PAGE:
Why is everyone so angry?

Updated: Jun 30

The most prevalent feature of American politics as we begin the third decade of the 21st century seems to be anger. There are a multitude of examples, but just to cite one: In early January, in response to the debate over the killing of the Iranian general Qasem Soleimani, Republican Doug Collins said on Fox News that Democrats “are in love with terrorists. We see that they mourn Soleimani more than they mourn our Gold Star families”. Democratic Senator Tammy Duckworth of Illinois, a retired Army lieutenant colonel probably had the best response to this, when she informed Collins that she refused to be lectured by him on this subject given that she left parts of her body in Iraq fighting terrorists. Bluster, demonization of one’s opponents, and exaggeration to the point of lying seem to be the accepted pattern of discourse.

It’s understandable to yield to the temptation that this is all Donald Trump’s fault, but it seems to me that Trump is a symptom of a process that started several decades ago.

I believe the seeds of our current environment began in the 1980’s when a few people, the most well-known early example being Rush Limbaugh, discovered that anger was profitable. Anger could make you rich. Limbaugh has had many imitators since then, and many of them replicated his formula and became rich themselves.

Fast forward a few years. Based on the success of conservative talk radio, and starting with talk radio fans as a base, Newt Gingrich discovered that anger could also win elections. Especially with a generous serving of fear mixed in. We’ve all heard the slogans. The Democrats are going to take away your guns. The Democrats are baby killers. The Democrats will raise your taxes. The Democrats hate America. I could fill this page with all the inflammatory 4-6-word slogans designed to rile up the conservative base.

Some Democrats have noticed the effectiveness of this strategy and attempted to replicate it. However, let’s be honest: How many rich liberal talk radio personalities can you name? There’s a reason Fox News is the highest rated cable news network. Anger and fear just do not work for us; it’s incompatible with our message. How do you sow anger and fear over ideas like inclusion, compassion, respect for God’s creation and a passionate desire to help those who didn’t win the birth lottery to share in the American dream? Michelle Obama is right, when they go low, we need to go high – both because it’s the right thing to do, and because going low just doesn’t work for us.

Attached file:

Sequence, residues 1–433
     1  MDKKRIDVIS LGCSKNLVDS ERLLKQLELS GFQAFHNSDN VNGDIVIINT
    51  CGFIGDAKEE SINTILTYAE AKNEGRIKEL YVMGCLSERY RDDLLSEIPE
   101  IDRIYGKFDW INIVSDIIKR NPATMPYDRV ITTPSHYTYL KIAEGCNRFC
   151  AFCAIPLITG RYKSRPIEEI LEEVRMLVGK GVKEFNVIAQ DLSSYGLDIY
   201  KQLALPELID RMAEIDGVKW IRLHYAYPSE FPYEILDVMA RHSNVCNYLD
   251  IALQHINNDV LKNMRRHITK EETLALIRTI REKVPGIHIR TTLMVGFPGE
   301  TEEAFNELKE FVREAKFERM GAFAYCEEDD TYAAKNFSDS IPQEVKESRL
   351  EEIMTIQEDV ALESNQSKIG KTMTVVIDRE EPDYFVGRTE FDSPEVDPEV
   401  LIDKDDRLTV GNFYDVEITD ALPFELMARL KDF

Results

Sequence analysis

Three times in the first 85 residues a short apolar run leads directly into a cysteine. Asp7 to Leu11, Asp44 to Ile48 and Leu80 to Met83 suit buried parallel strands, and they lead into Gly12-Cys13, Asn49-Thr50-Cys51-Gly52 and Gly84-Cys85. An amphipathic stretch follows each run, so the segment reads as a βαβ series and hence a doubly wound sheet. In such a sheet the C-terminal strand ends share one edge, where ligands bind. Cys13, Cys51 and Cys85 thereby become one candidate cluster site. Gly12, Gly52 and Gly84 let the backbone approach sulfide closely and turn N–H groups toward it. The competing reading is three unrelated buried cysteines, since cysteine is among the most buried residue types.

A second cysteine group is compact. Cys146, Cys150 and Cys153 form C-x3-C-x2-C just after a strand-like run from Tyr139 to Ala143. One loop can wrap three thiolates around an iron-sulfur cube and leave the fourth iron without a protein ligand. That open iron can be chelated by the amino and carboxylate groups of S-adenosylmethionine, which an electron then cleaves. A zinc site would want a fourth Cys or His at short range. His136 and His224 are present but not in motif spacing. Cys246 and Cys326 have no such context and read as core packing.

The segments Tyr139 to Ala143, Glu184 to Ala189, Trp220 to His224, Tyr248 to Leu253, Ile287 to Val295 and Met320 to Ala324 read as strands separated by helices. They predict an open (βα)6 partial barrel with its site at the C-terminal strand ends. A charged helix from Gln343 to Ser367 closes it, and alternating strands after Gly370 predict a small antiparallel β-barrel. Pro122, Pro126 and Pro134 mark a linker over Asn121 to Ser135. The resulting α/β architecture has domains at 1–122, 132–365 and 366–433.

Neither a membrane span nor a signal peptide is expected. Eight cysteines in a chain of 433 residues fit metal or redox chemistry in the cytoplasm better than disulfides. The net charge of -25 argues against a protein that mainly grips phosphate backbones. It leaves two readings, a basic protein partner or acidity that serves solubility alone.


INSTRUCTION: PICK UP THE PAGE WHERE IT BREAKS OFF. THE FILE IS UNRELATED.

Utahns should be able to see through the charade, especially my fellow Latter-day Saints. In his near-canonical book Standing for Something, President Gordon B. Hinckley included civility as one of the ten key virtues. He included the following quote in his book. “In recent years the media have raised boorishness to an art form….. Bad manners, apparently, make a saleable commodity…. Talk show hosts become rich and famous by snarling at callers and belittling guests. All of this speaks of anything but refinement. It speaks of anything but courtesy. It speaks of anything but civility and tolerance. Rather, it speaks of rudeness and crudeness and an utter insensitivity to the feelings and rights of others.” Next time you happen to tune in to Rush Limbaugh, Sean Hannity or their many imitators, ask yourself if they meet President Hinckley’s standard.

The above history helped me to finally understand a strange scripture reference in the Book of Mormon. In the story of the last battle of the Jaredites that resulted in their self-inflicted extinction, Ether observes the following: “And when the night came, they were drunken with anger, even as a man who is drunken with wine…” (Ether 15:22). Is anger addictive? You bet it is. And like other addictions, it robs us of our agency and happiness.

Is anger ever appropriate? How can you tell it’s time to put on your Abinadi hat and denounce a modern-day King Noah? We should never succumb to hatred and always strive for civility, but righteous anger might be justified towards someone who is themselves fomenting anger and hatred.

An almost incomprehensible recent survey indicated that a majority of registered Republicans believe Donald Trump is a greater president than Abraham Lincoln. It would be wise for the current leaders of our nation to reflect on one specific aspect of Lincoln’s character. Historians have noted that Lincoln never used insults or invective against his adversaries, even against the leaders of the Confederacy. When he became angry, he was known to write passionate letters against his attackers, and then let them sit in his desk overnight before destroying them. It would be difficult to enumerate all the ways in which Trump is the opposite of Lincoln, but this would certainly be at the top of the list.

It is crystal clear which man’s character is most in line with our Utah values.


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